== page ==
Dane: The high point of the Tour for me had to be John Degenkolb’s Roubaix win. That was a long time coming for the 2015 Roubaix champ after the horror crash he and his Sunweb teammates suffered while training in 2016. Stage 9 also delivered the low point for me: Yet another Tour de France mishap for Richie Porte. I was really hoping to see Porte put his talents on display this July. As a climber and a time trialist, he’s one of the few riders who might have challenged Sky. But once again, he was out of the race before the GC battle heated up.

Norwegian Fans were out to cheer on the peloton. Photo: Tim de Waele/Getty Images

Was this Tour enjoyable to watch as a fan?

Spencer: I enjoyed the thrill of Fernando Gaviria’s first Tour stage win, the anticipation as Toms Skujins kept the polka-dot jersey until the Alps, the uncertainty of Steven Kruijswijk’s bold solo breakaway to Alpe d’Huez, and his teammate Primoz Roglic’s fearless descent off the Aubsique to win stage 19. I did not enjoy the utter domination by Team Sky that limited the GC race to a few tepid attacks through the Pyrenees. On the whole, yes, it was enjoyable.

Chris: The Tour is some kind of fun. There’s the pageantry, the tradition, the sense of hope, the routine of it all. But I just don’t see it as exciting as many other races on the calendar, especially the other two grand tours. That said, I still watched because hope springs eternal!

Dane: I thought so. I know people complain about the lack of attacks in grand tours, but at this point, I think you need to accept that Tours are not going to be raced like they were in the ’90s and ’00s anymore, and that’s a good thing. The fact that we didn’t know who was going to win until the final mountain stage is a really big deal compared to recent Tours, so I am coming out of the race very pleased with the entertainment value.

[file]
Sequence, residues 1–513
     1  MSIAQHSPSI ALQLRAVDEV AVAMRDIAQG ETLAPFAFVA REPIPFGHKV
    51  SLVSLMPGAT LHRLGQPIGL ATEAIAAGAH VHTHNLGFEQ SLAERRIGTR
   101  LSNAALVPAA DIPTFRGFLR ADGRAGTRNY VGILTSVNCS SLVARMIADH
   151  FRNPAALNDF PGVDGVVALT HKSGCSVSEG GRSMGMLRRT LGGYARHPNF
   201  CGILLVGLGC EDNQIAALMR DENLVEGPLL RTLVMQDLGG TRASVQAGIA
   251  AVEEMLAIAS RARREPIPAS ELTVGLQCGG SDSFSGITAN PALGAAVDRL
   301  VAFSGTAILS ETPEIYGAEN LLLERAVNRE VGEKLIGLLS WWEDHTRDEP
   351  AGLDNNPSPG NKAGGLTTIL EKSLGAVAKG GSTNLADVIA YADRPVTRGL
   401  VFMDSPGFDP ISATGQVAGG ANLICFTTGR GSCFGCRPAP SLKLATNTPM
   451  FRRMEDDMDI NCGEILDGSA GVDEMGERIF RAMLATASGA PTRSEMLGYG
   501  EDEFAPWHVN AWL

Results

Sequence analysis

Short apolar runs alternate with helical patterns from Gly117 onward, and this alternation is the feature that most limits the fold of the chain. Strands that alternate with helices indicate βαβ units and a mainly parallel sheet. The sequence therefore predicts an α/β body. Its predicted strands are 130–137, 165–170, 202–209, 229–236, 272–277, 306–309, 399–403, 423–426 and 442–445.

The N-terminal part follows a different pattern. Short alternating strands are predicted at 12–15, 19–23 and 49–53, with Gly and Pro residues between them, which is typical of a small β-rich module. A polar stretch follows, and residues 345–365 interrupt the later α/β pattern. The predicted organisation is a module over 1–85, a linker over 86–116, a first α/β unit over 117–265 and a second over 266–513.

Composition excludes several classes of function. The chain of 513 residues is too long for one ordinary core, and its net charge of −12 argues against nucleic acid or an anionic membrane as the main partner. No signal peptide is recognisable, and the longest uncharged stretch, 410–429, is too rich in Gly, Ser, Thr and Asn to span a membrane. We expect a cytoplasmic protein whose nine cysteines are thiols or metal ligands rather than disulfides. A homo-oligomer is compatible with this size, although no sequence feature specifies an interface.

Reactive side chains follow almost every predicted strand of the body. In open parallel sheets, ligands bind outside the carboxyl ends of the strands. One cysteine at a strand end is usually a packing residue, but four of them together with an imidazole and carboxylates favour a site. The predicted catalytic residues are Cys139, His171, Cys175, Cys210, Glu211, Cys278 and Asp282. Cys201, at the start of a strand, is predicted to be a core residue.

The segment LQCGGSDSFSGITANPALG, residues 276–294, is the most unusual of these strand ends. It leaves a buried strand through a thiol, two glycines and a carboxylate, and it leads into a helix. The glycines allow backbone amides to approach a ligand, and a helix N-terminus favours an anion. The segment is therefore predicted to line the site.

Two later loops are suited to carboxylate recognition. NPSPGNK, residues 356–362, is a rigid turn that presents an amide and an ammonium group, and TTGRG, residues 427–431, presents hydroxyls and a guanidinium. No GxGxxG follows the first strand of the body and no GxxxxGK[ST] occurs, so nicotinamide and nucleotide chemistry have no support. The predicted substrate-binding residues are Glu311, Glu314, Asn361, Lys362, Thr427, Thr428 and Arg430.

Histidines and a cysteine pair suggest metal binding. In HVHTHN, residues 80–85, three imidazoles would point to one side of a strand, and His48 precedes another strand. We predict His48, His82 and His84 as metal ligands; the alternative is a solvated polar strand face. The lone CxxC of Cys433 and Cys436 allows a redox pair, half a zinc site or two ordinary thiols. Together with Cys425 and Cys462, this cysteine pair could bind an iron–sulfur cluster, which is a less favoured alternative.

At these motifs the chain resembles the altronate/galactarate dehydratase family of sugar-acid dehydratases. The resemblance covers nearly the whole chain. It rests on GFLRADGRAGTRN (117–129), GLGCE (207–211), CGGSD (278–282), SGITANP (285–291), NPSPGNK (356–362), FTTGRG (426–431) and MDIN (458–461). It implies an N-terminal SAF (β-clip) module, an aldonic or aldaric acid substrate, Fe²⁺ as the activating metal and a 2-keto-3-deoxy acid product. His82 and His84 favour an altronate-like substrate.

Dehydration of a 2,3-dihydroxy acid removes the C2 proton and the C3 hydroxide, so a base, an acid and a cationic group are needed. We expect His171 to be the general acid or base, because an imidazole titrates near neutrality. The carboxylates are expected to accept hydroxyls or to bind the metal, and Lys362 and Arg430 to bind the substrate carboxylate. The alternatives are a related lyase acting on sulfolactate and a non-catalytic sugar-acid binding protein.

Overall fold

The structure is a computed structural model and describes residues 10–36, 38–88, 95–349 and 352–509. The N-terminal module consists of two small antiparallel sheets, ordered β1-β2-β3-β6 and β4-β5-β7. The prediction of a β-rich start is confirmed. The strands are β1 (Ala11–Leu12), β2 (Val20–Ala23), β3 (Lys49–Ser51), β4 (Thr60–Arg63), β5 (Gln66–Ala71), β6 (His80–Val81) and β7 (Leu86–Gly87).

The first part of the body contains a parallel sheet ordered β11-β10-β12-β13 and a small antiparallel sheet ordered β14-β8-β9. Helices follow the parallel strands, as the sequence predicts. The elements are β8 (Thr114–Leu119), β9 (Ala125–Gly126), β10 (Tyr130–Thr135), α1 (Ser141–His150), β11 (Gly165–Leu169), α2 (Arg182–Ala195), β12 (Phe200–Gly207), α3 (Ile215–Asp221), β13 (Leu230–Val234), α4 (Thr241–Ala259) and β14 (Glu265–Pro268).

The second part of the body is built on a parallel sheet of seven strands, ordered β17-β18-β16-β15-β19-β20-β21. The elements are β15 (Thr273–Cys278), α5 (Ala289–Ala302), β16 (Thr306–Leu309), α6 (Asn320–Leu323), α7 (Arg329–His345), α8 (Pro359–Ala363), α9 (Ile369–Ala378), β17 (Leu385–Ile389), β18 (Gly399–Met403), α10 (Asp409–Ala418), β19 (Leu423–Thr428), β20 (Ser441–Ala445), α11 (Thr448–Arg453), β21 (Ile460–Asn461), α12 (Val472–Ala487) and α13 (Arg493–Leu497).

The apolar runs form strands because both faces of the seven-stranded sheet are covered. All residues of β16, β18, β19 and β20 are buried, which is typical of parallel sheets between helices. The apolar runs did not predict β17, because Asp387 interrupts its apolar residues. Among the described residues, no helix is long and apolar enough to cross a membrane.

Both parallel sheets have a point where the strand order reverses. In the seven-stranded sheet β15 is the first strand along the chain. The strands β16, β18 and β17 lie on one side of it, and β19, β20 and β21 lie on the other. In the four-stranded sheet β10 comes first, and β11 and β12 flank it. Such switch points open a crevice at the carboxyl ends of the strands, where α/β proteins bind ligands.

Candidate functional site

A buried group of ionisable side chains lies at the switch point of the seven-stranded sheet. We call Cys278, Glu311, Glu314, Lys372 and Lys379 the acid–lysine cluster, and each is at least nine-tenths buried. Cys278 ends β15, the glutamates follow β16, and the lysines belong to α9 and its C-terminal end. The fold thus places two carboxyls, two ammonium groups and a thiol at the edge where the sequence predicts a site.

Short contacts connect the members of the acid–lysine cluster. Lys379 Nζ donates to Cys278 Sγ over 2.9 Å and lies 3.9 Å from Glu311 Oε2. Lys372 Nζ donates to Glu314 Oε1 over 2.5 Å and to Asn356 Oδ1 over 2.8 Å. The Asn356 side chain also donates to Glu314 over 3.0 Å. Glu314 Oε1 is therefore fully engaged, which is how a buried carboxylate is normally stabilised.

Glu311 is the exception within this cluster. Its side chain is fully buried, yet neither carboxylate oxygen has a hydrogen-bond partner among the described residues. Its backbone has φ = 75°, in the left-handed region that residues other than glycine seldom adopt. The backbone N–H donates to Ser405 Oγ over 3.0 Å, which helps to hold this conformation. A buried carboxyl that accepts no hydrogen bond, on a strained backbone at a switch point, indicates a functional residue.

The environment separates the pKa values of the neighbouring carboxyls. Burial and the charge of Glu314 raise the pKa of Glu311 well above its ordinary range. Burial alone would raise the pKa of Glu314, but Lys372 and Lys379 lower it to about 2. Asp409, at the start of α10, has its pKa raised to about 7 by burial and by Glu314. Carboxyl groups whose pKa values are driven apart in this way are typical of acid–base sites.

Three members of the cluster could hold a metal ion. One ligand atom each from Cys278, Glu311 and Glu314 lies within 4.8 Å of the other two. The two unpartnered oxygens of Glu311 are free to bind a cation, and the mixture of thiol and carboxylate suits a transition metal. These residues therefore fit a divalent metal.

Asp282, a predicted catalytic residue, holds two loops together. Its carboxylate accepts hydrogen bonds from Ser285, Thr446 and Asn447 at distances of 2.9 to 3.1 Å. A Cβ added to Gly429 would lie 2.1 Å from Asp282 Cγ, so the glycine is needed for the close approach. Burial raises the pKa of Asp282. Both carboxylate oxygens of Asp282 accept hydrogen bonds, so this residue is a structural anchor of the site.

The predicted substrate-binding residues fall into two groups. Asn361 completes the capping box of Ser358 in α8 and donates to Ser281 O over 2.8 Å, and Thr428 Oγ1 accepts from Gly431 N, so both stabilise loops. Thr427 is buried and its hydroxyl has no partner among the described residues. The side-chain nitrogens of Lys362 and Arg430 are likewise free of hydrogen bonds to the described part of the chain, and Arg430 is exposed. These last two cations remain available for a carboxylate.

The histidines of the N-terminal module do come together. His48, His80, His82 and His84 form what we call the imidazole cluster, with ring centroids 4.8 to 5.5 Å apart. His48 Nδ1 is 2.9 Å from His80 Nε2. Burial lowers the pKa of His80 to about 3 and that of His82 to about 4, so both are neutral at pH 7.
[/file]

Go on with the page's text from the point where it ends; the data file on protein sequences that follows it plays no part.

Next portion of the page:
Geraint Thomas stood next to Tom Dumoulin and four-time winner Chris Froome atop the final podium in Paris. Photo: Justin Setterfield/Getty Images

How did the Tour change our view of Geraint Thomas?

Spencer: I’ll cop to being a real Negative Nancy when it comes to super-domestiques that try to take on GC responsibilities, but gosh darnit, Geraint Thomas stole my heart this Tour. For all my dislike of Sky’s Borg-like domination of pro cycling, G has a humble, laidback manner and he races with aggression and panache. Plus, he likes to knock back a few beers now and again — don’t believe me? Read Fred’s story on the guy!

Chris: Well, I must admit I’ve never paid much attention to Geraint as a GC contender. He’s clearly been a very solid rider on the road for years, but he’s never seemed to have much success when racing for himself. There’s been hype, whether it be the classics or the Giro. But it’s never quite panned out. All that’s changed. From what those who know him well say, he’s as dedicated as they come. Chapeau, for that. Good things come to those who wait.

Dane: Thomas had already proven to be a super talent in the one week races, both as a climber and a time trialist. All that was left was to prove that he could stay sharp through an entire grand tour, and he did that with aplomb after years of uncertainty. He’s already 32, so I doubt he has a decade of Tour domination ahead, but he’ll certainly be a huge contender for a few more grand tours after putting it all together this July.

An American in France

What’s it like to be an American cyclist living in France? Watch to get professional road cyclist Joe Dombrowski’s view.